• Garrett Bobby Ferguson from the Regular Show episode "High Score".
  • Lilo & Stitch: The Series has this with some of Stitch's cousins, including Kixx.
  • Krang from Teenage Mutant Ninja Turtles, after being stripped of his body when he was banished from Dimension X. Shredder designed and built a humanoid exo-suit for him when they teamed up.
    • The Utroms only look like brains.
  • Bump in the Night protagonist Mr. Bumpy fits this trope to a T, as does one-shot antagonist the Living Bread from the episode "Night of the Living Bread".
  • Murun Buchstansangur was a tiny cephalothorax who lived in a human-sized house and had lots of human-shaped (but Muran-sized) friends. Please don't ask why they chose that name for him.
  • All the characters in The Flumps are fuzzy lumps with faces on the front and arms and legs.
  • Everyone in Rollbots, with the exception of Vertex.
  • The Dorbees are just balls with faces and limbs.
  • The Eggpos from Two More Eggs, the goomba style enemies in Dooble's video game, are one-eyed purple heads with feet.
  • An episode of Beetlejuice has him having his head and body separated (and yes, the body could talk and have a mind on his own) and the head captured by literal head hunters (as in the sense that they were literal heads with arms and legs).

    Real Life 
  • The cephalothorax is a standard stage of development in how a child draws a human figure, that every healthy child goes through in their toddler years. It is preceded by squiggly lines and followed by a figure with a head, torso, and limbs, but no neck. (source)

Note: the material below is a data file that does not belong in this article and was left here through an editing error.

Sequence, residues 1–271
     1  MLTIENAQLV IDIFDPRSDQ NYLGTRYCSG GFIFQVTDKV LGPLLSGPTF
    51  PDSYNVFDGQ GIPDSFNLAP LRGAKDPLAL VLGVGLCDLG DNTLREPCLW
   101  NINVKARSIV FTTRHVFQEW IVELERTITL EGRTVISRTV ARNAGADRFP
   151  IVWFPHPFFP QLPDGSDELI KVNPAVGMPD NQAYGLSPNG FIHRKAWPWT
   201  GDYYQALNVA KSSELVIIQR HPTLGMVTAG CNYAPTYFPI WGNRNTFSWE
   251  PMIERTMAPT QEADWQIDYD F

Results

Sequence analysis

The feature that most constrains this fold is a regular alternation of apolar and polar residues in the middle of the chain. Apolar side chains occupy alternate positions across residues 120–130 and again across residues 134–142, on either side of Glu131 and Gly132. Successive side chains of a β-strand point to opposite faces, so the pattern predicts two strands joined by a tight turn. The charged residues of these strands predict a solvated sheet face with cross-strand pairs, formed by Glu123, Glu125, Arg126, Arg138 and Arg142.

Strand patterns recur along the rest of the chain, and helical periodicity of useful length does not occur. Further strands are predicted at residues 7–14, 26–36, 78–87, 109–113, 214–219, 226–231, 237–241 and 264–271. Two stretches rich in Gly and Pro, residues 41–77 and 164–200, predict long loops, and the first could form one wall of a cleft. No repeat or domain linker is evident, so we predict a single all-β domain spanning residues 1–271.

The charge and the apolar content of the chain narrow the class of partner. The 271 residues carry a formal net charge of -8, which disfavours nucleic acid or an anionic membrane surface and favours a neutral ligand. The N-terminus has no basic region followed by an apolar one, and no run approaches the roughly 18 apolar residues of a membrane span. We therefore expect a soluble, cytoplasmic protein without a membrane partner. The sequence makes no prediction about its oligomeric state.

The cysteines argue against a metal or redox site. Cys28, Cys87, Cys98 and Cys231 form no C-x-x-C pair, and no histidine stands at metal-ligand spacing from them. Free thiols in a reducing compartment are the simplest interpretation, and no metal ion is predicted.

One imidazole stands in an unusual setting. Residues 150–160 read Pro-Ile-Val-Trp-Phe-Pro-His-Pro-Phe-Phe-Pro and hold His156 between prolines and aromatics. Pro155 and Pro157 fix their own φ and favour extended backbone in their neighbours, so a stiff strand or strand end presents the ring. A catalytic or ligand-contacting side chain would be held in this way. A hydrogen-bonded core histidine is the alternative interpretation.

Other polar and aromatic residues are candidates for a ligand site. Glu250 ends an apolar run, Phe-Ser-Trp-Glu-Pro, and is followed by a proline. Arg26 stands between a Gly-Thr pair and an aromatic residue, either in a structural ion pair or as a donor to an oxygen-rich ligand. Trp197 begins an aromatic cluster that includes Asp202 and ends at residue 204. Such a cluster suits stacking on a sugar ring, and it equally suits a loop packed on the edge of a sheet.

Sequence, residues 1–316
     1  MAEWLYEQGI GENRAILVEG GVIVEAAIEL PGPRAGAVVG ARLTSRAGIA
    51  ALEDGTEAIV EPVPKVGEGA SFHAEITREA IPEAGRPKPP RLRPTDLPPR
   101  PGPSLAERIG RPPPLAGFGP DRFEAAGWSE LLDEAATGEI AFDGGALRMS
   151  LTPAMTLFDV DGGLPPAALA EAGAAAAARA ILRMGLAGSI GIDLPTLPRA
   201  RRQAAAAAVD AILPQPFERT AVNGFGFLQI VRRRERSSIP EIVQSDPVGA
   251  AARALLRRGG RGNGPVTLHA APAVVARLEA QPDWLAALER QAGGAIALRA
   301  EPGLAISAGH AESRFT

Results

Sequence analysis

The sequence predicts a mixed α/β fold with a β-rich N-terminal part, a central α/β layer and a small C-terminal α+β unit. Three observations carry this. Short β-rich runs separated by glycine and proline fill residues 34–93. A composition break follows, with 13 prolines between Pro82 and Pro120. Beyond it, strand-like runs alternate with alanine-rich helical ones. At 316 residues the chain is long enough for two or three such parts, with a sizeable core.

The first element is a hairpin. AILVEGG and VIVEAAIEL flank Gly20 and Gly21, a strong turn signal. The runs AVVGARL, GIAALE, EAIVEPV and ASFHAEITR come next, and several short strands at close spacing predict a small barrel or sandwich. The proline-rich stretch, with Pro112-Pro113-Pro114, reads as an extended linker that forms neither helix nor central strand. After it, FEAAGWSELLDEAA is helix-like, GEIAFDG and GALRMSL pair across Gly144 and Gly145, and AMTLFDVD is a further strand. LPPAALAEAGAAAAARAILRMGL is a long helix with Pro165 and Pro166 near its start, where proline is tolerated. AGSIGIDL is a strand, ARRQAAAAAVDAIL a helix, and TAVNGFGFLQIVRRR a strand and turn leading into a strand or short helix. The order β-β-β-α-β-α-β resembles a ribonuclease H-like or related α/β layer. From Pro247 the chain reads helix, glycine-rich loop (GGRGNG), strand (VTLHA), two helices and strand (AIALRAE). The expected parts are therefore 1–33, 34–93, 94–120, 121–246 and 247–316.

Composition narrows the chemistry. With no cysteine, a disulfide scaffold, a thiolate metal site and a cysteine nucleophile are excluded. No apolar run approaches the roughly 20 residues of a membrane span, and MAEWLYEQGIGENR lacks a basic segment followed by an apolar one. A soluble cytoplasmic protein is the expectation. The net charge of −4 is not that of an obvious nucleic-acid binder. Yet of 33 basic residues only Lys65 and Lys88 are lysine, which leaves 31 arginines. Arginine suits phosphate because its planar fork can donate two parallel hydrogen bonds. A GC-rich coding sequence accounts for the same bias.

• The giant ocean sunfish is basically a fish head with fins and a fringe of tail protruding from it.
  • A puffer fish appears to be a spherical head with fins when it is inflated.
  • The evolutionary origin of water bears (tardigrades) was long disputed. The latest research shows that they are probably closely related to arthropods, i.e., their ancestors looked like primitive myriapodi, but during their evolution they lost all body segments except the head one, which now contains all their organs.
  • Also the name of a part of arachnid and crustacean anatomy that fuses the head and the thorax.


Video Example(s):

Alternative Title(s): Head With Limbs


Prison Keeper

While its does have a cage hanging from the bottom of its head, its arms are attached to the head as well.

How well does it match the trope?

5 (2 votes)

Example of:

Main / Cephalothorax

Media sources:

Main / Cephalothorax